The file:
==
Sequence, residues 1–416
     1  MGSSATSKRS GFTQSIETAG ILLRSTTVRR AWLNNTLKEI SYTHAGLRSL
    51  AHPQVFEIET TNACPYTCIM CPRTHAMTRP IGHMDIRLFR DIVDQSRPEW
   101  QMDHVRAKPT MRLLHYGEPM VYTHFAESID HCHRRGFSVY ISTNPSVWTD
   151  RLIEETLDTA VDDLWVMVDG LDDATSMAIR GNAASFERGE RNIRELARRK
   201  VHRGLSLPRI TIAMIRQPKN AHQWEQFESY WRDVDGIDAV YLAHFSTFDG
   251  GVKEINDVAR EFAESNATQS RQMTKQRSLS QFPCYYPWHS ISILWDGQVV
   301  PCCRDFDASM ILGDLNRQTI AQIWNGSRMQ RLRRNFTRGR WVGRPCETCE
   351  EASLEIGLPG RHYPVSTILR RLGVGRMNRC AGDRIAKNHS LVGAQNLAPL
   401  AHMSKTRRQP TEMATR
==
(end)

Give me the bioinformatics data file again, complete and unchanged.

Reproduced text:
Sequence, residues 1–416
     1  MGSSATSKRS GFTQSIETAG ILLRSTTVRR AWLNNTLKEI SYTHAGLRSL
    51  AHPQVFEIET TNACPYTCIM CPRTHAMTRP IGHMDIRLFR DIVDQSRPEW
   101  QMDHVRAKPT MRLLHYGEPM VYTHFAESID HCHRRGFSVY ISTNPSVWTD
   151  RLIEETLDTA VDDLWVMVDG LDDATSMAIR GNAASFERGE RNIRELARRK
   201  VHRGLSLPRI TIAMIRQPKN AHQWEQFESY WRDVDGIDAV YLAHFSTFDG
   251  GVKEINDVAR EFAESNATQS RQMTKQRSLS QFPCYYPWHS ISILWDGQVV
   301  PCCRDFDASM ILGDLNRQTI AQIWNGSRMQ RLRRNFTRGR WVGRPCETCE
   351  EASLEIGLPG RHYPVSTILR RLGVGRMNRC AGDRIAKNHS LVGAQNLAPL
   401  AHMSKTRRQP TEMATR